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Publication numberUS7792439 B2
Publication typeGrant
Application numberUS 11/227,488
Publication dateSep 7, 2010
Filing dateSep 16, 2005
Priority dateSep 17, 2004
Fee statusPaid
Also published asCN1749885A, US20060062583
Publication number11227488, 227488, US 7792439 B2, US 7792439B2, US-B2-7792439, US7792439 B2, US7792439B2
InventorsHideo Kikuchi
Original AssigneeRicoh Company Limited
Export CitationBiBTeX, EndNote, RefMan
External Links: USPTO, USPTO Assignment, Espacenet
Image forming apparatus and associated method of tracking recycling information
US 7792439 B2
Abstract
An image formation unit detached to an image forming apparatus integrally mounts at least one replacement member, and a nonvolatile memory. The nonvolatile memory stores recycle information related to the replacement member to be used when the image formation unit is recycled.
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Claims(16)
1. An apparatus, comprising:
an image formation unit including at least one replacement member and a nonvolatile memory, said nonvolatile memory storing recycle information related to the at least one replacement member, said recycle information being referred to when the image formation unit is recycled;
a first life detecting device configured to detect an end of life of the image formation unit;
a second life detecting device configured to detect an end of life of the at least one replacement member;
a usage inhibition code writing device configured to write a usage inhibition code in the nonvolatile memory when the first life detecting device detects the end of life of the image formation unit or when the second life detecting device detects the end of life of the at least one replacement member, said usage inhibition code notifying inhibition of reuse of the image formation unit when the first life detecting device detects an end of life of the image formation unit, and said usage inhibition code notifying inhibition of reuse of the image formation unit when the second life detecting device detects an end of life of the at least one replacement member; and
a replacement member code writing device configured to write a code identifying the at least one replacement member in the nonvolatile memory when the second life detecting device detects the end of life of the at least one replacement member,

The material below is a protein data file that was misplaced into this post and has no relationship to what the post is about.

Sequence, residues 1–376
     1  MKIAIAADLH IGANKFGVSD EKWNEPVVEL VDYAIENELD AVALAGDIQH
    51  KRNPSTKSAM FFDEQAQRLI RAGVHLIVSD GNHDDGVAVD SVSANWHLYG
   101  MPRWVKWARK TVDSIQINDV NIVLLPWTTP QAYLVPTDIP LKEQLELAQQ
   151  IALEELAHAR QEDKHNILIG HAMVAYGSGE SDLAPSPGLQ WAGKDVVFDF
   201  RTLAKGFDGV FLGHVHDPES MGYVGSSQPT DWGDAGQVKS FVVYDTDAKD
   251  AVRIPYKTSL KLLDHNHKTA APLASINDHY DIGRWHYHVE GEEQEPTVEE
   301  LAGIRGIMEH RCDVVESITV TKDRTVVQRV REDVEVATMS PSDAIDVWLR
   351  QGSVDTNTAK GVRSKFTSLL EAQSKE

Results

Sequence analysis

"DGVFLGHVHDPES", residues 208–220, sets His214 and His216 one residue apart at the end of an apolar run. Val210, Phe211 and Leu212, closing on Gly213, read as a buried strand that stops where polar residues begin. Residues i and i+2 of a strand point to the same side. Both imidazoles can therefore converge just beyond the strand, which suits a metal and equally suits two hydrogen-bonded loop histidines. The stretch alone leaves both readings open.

wherein said nonvolatile memory stores a usable date of the at least one replacement member, and wherein said second life detecting device detects the end of life of the at least one replacement member by comparing current date information with the usable date.
2. The apparatus according to claim 1, further comprising:
a unit used time calculation device configured to calculate a used time period in which the image formation unit is used, wherein said nonvolatile memory stores a usage guaranteed time for the image formation unit, and wherein said first life detecting device detects the end of life of the image formation unit by comparing the used time period with the usage guaranteed time.
3. The apparatus according to claim 1, further comprising:
a replacement member used time calculation device configured to calculate a replacement member used time period in which the at least one replacement member is used, wherein said nonvolatile memory stores a usage guaranteed time for the at least one replacement member, and wherein said second life detecting device detects the end of life of the at least one replacement member by comparing the replacement member used time period with the usage guaranteed time.
4. The apparatus according to claim 1, wherein said nonvolatile memory stores a usable date of the image formation unit, and wherein said first life detecting device detects the end of life of the image formation unit by comparing current date information with the usable date.
5. The apparatus according to claim 1, wherein the current date information is transmitted from a control section of the apparatus.
6. The apparatus according to claim 1, wherein said nonvolatile memory stores a limiting number of image formations for the image formation unit, and wherein said first life detecting device detects the end of life of the image formation unit by comparing a total number of image formations executed by the image formation unit with the usage limiting number.
7. The apparatus according to claim 1, wherein said nonvolatile memory stores a limiting number of image formations for the at least one replacement member, and wherein said second life detecting device detects the end of life of the at least one replacement member by comparing a total number of images formed by the image formation unit with the limiting number of image formations.
8. The apparatus according to claim 1, wherein said at least one replacement member includes at least one rotation member and said nonvolatile memory stores a limiting number of rotations for the at least one replacement member, and wherein said second life detecting device detects the end of life of the at least one rotation member by comparing a total number of rotations of the at least one rotation member with the limiting number of rotations.